A video released by the so-called Islamic State (IS) on Sunday shows the interrogation and execution of two men that the group claims had secretly worked against it, presenting the latest and most graphic evidence of its brutal crackdown on local activists in its self-proclaimed capital of Raqqa in Syria.
Filmed in the group's now familiar saturated and slow-motion style, the IS video, which was viewed by VICE News, depicts the two young men — identified as Faisal Hussain al-Habib and Bashir Abduladhim al-Salem (who has been referred to as al-Saado in some reports) — as they confess to alleged crimes against the terrorist insurgency. They recount spying on IS activities and taking photographs of its members in the Syrian towns of Rumaila, Tal Abyad, and al-Wadi.
The two men say that Hamoud al-Mousa, who is part of the team that founded the activist network Raqqa is Being Slaughtered Silently (RSS), instructed them to smuggle materials out of IS territory. Mousa, they said, gave them a watch and pair of glasses that could surreptitiously take photographs.
After their interrogation, the two men are shown tied to trees in the dark. Camouflaged commandos approach the men, vested in orange jumpsuits, and shoot them directly in the head. The men slouch, as blood streams from the bullet wounds.
RSS did not immediately reply to questions regarding the video, but Abu Mohammed, a media activist with the group, told the International Business Times that the men did not in fact work for them.
"I don't know whether they are activists," he said. "Reports came out saying they were working with us, but that is not true. I'm surprised by these reports."
On June 24, RSS reported that IS had begun "a campaign of raids and arrests" in the previous two days that targeted young men in Raqqa, which is the headquarters of the dubious caliphate that the group declared in the stretches of territory it controls in Syria and Iraq. Roughly 25 young men were taken into custody. It is unclear if Saado and Habib were captured during this time.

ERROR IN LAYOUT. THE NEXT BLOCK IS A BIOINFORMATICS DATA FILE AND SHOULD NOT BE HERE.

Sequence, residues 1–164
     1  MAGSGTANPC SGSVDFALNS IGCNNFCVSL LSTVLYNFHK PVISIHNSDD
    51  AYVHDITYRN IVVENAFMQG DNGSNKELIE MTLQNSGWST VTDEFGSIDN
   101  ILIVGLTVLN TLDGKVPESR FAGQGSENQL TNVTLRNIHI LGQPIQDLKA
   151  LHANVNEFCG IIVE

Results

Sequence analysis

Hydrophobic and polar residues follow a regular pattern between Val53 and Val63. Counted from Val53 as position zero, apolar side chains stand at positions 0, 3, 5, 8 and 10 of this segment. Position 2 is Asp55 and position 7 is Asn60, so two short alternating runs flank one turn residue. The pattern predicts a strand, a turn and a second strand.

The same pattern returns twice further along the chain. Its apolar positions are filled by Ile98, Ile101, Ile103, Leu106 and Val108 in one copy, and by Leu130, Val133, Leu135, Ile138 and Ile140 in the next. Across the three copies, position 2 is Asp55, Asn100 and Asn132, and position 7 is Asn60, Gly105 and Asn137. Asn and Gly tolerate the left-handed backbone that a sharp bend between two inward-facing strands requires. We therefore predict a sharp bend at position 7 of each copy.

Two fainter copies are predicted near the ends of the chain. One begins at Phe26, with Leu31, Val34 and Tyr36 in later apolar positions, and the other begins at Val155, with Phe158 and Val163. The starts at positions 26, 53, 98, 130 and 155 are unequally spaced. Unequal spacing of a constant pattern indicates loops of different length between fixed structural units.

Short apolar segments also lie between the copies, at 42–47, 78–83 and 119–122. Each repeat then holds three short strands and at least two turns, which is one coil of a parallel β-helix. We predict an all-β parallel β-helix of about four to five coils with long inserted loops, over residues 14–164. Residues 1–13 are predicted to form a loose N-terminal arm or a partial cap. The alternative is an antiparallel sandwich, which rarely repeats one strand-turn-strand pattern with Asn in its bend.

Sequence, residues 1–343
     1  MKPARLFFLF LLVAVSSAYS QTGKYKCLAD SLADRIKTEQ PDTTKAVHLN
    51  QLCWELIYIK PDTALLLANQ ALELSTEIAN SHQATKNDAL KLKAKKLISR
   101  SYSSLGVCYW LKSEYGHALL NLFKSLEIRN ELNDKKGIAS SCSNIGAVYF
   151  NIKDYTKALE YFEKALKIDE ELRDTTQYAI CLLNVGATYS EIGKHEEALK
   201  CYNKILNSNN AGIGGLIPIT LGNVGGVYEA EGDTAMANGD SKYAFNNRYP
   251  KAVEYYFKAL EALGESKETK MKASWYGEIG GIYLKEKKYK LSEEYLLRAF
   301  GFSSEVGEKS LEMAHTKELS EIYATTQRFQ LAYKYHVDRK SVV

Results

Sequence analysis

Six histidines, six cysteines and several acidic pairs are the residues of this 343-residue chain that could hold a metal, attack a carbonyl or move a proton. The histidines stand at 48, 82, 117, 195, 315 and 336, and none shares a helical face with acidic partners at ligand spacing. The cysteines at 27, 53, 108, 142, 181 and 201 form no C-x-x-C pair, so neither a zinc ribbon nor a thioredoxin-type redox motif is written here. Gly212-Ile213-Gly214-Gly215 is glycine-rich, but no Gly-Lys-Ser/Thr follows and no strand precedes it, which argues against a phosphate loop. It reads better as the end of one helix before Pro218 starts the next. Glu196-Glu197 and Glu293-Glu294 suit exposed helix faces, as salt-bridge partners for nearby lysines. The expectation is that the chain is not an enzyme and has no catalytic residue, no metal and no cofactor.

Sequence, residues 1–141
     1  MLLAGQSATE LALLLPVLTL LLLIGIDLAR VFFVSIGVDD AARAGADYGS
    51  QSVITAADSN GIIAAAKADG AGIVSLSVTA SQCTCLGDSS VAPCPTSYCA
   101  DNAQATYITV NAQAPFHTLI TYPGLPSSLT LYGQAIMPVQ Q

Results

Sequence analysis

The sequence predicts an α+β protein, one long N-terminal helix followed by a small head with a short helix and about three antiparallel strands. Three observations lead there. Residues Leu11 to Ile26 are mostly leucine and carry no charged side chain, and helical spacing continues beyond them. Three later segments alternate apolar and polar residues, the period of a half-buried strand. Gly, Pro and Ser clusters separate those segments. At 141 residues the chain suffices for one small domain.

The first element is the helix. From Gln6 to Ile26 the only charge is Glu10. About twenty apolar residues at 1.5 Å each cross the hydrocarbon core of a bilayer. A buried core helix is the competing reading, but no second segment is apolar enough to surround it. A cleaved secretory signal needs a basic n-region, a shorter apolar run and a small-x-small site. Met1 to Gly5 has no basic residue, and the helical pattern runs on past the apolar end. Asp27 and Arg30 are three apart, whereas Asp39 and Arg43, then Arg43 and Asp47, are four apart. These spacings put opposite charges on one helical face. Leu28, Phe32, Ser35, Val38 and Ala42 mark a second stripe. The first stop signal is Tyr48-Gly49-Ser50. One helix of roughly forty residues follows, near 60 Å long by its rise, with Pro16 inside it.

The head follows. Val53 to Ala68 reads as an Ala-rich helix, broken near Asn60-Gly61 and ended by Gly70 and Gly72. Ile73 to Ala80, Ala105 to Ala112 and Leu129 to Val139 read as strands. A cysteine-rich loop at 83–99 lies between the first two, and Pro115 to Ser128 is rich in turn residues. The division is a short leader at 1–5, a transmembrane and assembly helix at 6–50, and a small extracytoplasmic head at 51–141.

The crackdown coincided with a series of military setbacks suffered by IS at the hands of Kurdish and Arab rebel forces, which included the loss of Tal Abyad, a strategically vital town on the border with Turkey.
RSS said in a statement that its members were not likely to fall victim to IS roundups, which it said entailed, in part, entrapment schemes at internet cafes that attempted to catch users "liking" the RSS Facebook page.
Despite its confidence in the face of such crackdowns, RSS has lost members in the past year. On May 7, one of its members, Moataz Bellah Ibrahim, was arrested and killed by IS as he attempted to flee from Tal Abyad toward Turkey. RSS claimed that IS didn't learn of Ibrahim's true role in the network until after his execution, however.
"The campaign did not lose after this incident none of its members, whether by execution or even just arrest or detention by the organization," RSS said in its report last month. "Members are still exercising their usual activities at home and abroad, and they have had not been subjected to any little harm."
Patrick Skinner, director of special projects at the Soufan Group, which tracks extremist groups, told VICE News that there was no way to know precisely what activities the two men in the latest video had engaged in, or whether they were just strawmen for an increasingly paranoid IS to use in an information war against activist networks in Raqqa.
Skinner said IS finds itself uniquely vulnerable to spying, given their self-proclaimed conception as a "state," with bureaucratic and military operations.
"It's clear that they have a problem," said Skinner. "They are in the open, and that presents them as a target for espionage."
Skinner said that IS grew increasingly paranoid after US special forces were able to target and kill Abu Sayyaf, a figure in the militant group that American authorities claimed helped oversee the its financial activities. That attack, which took place in May, would have had to rely on local intelligence in order to deploy Special Forces accurately, he said.
Meanwhile, RSS has long been able to post photographs on their social media accounts taken from inside Raqqa.
"Whenever IS is under pressure, they feel they have to ramp up these graphic executions to try to terrify anyone from spying against them," said Skinner. "They make sure it's dramatic, like this slow-motion execution."
On Sunday, IS posted a video depicting the execution of 25 Syrian government soldiers amid the ruins of the ancient city of Palmyra. The footage, which reportedly was filmed last month, also coincided with the recent military setbacks elsewhere in Syria. Experts have long pointed out the delay in releasing such graphic videos, or of footage showing the destruction of antiquities, as a timed effort to rally IS forces and demonstrate their control.
But in this case, Skinner noted, "we don't know who these two poor people were."
Follow Samuel Oakford on Twitter: @samueloakford